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My daughter and I LOVE circle skirts. We have a bunch between the two of us because they’re comfortable, pretty and just fun to wear. They can be casual, like most of ours, or elegant if using silk or other fancy fabrics. (I recently wore one made of satin to a wedding.) The only problem is that they require a lot of fabric and, if you cut them out in one piece the traditional way, you can only use very wide fabric that WITHOUT a directional print. That is until today, because I’m going to show you how to make a circle skirt with directional fabric or smaller cuts of fabric!
My original tutorial on how to sew a circle skirt (along with a free template) is one of my most popular tutorials, and it’s no wonder because circle skirts are pretty simple to make and once you wear one, you just can’t stop dancing, twirling and swishing it around!
Like I said before, though, in order to make a traditional circle skirt, you need a wide piece of fabric, especially if you are a large size or you’re sewing a long skirt. And fabric with a one-way print becomes an issue, too. Since I’ve published that original tutorial, a lot of readers have written to me asking what to do if the fabric isn’t wide enough or the print is directional. Luckily, there is an easy solution: instead of cutting one circle of fabric, cut two semicircles and join them!
Just to make sure we’re on the same page here, this is what I mean by “directional print.” Both of the above fabrics have prints. The one on the left is non-directional, meaning that it doesn’t matter which way I hold the fabric because the print will always look right.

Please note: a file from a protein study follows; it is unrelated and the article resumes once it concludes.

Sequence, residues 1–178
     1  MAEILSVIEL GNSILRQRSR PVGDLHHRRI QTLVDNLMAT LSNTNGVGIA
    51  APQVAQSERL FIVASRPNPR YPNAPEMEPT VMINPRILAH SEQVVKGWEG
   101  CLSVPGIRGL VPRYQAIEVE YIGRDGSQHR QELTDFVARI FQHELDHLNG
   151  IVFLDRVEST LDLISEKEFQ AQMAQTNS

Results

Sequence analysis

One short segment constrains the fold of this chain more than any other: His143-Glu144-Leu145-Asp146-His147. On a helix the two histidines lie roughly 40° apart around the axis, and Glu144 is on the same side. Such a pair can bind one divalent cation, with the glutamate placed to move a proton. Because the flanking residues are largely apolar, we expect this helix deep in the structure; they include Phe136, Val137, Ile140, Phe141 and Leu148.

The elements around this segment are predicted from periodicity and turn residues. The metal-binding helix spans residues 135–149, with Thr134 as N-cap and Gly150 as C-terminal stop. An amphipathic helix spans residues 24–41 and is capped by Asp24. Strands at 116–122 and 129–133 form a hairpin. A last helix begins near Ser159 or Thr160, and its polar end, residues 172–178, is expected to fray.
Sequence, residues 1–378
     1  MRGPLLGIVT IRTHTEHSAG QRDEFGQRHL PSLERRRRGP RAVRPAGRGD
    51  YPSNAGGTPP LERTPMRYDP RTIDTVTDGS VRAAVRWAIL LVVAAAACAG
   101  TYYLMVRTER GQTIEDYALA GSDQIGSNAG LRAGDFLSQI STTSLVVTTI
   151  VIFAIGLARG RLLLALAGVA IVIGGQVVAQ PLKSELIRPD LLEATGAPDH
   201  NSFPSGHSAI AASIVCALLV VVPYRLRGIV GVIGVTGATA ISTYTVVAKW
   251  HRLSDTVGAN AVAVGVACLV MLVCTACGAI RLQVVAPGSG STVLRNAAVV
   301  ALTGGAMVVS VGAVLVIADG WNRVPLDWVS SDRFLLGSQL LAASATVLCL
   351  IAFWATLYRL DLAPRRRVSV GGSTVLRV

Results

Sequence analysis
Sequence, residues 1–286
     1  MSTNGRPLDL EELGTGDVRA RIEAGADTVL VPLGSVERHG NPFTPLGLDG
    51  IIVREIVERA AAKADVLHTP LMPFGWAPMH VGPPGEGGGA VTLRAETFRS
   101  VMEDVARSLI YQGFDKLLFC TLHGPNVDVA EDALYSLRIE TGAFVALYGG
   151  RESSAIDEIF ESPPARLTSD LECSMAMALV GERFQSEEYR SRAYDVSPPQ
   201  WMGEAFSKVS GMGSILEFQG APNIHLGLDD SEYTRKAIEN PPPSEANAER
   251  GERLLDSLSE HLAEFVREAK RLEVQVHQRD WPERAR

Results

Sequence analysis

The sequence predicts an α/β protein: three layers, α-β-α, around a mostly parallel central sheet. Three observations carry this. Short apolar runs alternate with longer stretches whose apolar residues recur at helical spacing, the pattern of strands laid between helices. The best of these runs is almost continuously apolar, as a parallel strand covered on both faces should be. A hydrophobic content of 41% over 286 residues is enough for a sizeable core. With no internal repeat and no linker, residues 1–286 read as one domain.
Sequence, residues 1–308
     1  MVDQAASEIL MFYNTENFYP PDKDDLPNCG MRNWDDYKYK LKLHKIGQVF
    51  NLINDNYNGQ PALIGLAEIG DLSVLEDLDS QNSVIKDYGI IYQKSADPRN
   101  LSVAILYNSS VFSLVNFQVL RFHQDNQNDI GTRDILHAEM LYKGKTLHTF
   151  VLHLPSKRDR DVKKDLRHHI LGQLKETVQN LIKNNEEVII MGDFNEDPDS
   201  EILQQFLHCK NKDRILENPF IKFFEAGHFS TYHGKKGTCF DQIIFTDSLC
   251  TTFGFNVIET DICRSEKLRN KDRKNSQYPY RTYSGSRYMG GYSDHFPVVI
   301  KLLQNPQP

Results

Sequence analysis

The drop print on the right, however, is less forgiving. Our eyes expect to see drops dripping downward, not upward. When cutting a one-way print, you need to make sure that you’ve positioned your pattern correctly so that the direction of the print will be correct on the finished product.
This usually isn’t such a problem, though you may need to have extra fabric yardage in order to fit all the pattern pieces on in the right direction (as opposed to a solid color or non-directional print, when you can squeeze pattern pieces in even upside-down). But if you cut out a classic circle skirt in one piece from a directional print, the print will be upside-down on the back. Yikes!
So today’s tutorial is a simple hack of my old circle skirt pattern and tutorial, making two semicircles and joining them to make a full circle. What do you say, are you ready to learn how to make a circle skirt with directional fabric or with fabric that isn’t wide enough for a full circle? Let’s get started!
- Light- to medium-weight fabric. Choose the drape according to how clingy or stiff you’d like the skirt.
- Wide elastic matching the color of the fabric. The length will be roughly the same as your waist circumference.
- Polyester thread. I prefer polyester to cotton thread in projects with elastic to avoid thread snapping.
- Sewing needle appropriate to the type of fabric chosen.